In an age in which large-scale hacks and security breaches are announced on a monthly and sometimes weekly basis, enhancing digital safety and privacy is bound to be a resolution for many people as they enter 2017.
Below are a few basic changes that can be made to make your online presence more secure and resilient.
1. Use a password manager
This is one of the easiest but most important changes a person can make to improve their online security, because if you’ve used the same password multiple times on various different platforms, it only takes one site experiencing a breach (see: Yahoo’s most recent upset) for the hacker to potentially gain entrance to most of your online properties.
Using a password manager allows you to generate and use exceedingly complex passwords without the difficulty of committing them to personal memory for your various online platforms. All of these passwords are then secured by a master password. One of the most popular password managers is 1Password, which is a paid service that can be purchased monthly for individuals or families. If you can’t afford to shell out monthly, however, LastPass offers a well-regarded free option.
2. Purchase a VPN
Most people know that it’s safer to do more questionable internet activities — ahem, pirating — over a virtual private network or VPN, but much fewer realize its broader safety benefits. For those who don’t know, the essential idea behind a VPN is that users can send and receive data on shared or public networks as if their devices were connected directly to an private network.
This occurs through the process of the user establishing an encrypted connection with a proxy location that then forwards your network traffic to its destination in an encrypted manner. Beyond downloading Game of Thrones, a VPN can be an essential form of protection when you’re operating on an open network. For instance, if you’re at Starbucks and you decide to enter personal information into a website that isn’t encrypted — HTTP or non-HTTPS — anyone else on the same network can easily view that information using a tool like WireShark, which monitors network activity.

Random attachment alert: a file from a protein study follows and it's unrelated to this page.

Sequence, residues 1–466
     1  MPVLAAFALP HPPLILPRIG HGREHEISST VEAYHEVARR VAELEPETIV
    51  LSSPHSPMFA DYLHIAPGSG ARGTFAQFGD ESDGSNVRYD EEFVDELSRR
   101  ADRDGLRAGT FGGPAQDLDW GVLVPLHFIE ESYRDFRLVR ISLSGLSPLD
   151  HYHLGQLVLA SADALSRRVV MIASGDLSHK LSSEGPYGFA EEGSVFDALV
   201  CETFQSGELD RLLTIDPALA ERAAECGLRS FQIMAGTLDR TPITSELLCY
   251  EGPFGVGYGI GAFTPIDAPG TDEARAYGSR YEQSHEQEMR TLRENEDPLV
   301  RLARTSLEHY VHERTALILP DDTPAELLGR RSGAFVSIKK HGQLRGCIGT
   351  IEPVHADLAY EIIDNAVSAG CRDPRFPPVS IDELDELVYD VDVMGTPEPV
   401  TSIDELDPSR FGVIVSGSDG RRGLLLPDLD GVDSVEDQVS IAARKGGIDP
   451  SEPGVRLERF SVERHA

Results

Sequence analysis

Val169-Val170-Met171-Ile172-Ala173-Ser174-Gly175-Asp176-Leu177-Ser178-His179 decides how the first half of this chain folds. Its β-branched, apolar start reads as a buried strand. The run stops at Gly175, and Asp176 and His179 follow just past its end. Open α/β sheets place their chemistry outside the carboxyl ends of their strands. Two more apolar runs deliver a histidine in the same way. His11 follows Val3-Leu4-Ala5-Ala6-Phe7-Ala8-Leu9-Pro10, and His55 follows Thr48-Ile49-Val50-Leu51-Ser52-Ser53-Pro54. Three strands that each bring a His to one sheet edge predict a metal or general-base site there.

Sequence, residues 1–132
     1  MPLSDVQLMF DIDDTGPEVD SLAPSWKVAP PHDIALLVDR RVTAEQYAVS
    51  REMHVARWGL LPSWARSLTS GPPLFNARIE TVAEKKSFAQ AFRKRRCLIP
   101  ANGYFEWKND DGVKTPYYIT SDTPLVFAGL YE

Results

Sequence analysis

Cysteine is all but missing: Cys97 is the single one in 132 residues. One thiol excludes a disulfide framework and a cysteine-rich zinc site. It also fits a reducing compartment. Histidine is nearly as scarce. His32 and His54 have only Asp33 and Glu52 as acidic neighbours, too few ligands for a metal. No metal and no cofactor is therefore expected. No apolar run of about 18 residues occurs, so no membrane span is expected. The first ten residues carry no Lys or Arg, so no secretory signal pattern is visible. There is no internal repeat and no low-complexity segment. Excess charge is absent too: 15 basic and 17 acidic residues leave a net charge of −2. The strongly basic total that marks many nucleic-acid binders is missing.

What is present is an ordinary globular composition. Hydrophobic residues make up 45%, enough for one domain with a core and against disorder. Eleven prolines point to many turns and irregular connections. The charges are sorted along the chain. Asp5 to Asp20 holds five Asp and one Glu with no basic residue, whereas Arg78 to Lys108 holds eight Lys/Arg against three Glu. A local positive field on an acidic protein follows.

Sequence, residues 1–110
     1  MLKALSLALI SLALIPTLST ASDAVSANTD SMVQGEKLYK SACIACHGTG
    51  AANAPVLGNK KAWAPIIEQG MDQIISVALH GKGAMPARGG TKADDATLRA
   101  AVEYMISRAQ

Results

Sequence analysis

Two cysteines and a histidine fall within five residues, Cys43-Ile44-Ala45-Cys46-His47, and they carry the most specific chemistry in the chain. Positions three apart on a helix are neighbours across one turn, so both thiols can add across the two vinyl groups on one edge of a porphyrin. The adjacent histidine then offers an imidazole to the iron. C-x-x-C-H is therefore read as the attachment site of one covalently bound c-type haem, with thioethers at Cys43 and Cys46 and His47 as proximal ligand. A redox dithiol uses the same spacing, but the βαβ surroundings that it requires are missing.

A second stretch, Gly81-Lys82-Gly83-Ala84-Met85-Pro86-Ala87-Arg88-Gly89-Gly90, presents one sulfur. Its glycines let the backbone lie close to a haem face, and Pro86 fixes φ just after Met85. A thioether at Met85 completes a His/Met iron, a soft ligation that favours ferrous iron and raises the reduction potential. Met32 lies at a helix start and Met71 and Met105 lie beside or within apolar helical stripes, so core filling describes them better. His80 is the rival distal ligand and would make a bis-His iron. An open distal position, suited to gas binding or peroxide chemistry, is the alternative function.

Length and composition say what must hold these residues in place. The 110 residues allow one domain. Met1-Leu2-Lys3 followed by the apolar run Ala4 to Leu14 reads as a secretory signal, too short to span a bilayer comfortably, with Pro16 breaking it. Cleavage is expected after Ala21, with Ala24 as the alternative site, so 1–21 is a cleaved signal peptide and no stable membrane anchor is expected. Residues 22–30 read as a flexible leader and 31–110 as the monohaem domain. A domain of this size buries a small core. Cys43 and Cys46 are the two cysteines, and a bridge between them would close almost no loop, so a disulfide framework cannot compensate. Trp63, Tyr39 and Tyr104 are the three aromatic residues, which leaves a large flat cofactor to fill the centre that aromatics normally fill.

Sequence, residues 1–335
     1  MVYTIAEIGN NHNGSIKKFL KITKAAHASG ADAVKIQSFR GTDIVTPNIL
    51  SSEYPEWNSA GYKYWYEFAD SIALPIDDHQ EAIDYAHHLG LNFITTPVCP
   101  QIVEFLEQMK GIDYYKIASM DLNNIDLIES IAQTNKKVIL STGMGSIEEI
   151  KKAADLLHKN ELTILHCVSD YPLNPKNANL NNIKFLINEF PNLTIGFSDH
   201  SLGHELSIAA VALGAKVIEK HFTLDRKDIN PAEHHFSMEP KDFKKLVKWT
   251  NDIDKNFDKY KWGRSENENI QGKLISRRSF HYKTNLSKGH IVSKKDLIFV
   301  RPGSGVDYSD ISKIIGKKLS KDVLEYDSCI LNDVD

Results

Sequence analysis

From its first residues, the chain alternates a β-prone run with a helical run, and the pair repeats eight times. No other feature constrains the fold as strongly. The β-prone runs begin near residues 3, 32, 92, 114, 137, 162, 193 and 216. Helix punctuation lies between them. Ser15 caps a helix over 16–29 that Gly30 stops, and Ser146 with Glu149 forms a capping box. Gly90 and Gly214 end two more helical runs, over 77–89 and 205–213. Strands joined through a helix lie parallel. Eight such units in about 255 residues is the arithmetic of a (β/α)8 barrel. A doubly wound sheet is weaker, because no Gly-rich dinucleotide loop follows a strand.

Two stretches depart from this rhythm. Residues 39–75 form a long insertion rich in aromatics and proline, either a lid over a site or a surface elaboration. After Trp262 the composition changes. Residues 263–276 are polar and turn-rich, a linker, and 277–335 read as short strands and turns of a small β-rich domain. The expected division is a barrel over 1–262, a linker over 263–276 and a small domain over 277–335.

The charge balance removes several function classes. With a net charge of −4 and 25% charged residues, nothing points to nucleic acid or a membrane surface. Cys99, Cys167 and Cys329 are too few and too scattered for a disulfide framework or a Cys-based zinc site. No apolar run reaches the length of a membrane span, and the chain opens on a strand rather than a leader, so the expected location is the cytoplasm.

But while a VPN is a sensible thing to have, it’s also important to exercise caution in your choice. It can be tempting to go for free proxies or Chrome extensions for simple things like online streaming, but many in turn use your device as a proxy for someone else, and any of their illegal actions would then be routing through your computer. Instead, it’s worth taking some time to research and invest in a VPN that has encryption, allows you to choose your preferred location and promises not to log any of your activity.
3. Scan your emails with a discerning eye
Unfortunately for the general public, email spoofing is not hard. All it takes is some design skill and a rogue email server that pretends to be something legitimate — for instance, Google.com or Facebook.com. People fall for it more often than you’d think, too. Just take the epic phishing scam that gave rise to the 2014 celebrity nude photo leak scandal. So how do you spot a fake? You dig a little further into verifying the source.
If you’re using Gmail, you can click “Show details” below the name of the sender to check for three key fields: mailed-by, signed-by and encryption. All three fields should show up for any large financial institution or company, and the mailed-by and signed-by portions should show the same official domain (for more information, check out this great tutorial). If the sender information leaves you skeptical and you aren’t sure how to proceed, take the extra cautionary step of contacting the company directly and asking whether the communication is legitimate.
4. Create an online alias
Any hacker targeting you will attempt to gather as much information about you as possible, linking various social platforms and attempting to piece together information about your personal life. An online alias, which can be created through a fake name and pictures that don’t reveal your face, helps keep your online presence separate from your personal life.
This route is admittedly a bit extreme but it’s especially worth considering if you tend to espouse ideas on the internet that put you at risk of getting personally attacked or doxed. Note: this doesn’t mean we encourage trolling, not only because it’s a wee bit obnoxious but also because it’s a sure way to test your online security against strangers on the internet who might just be leagues ahead of you when it comes to technical knowledge.
While these are some good first steps, there are plenty more strategies and methods out there for improving your cyber security. Feel free to comment and share your own ideas below.
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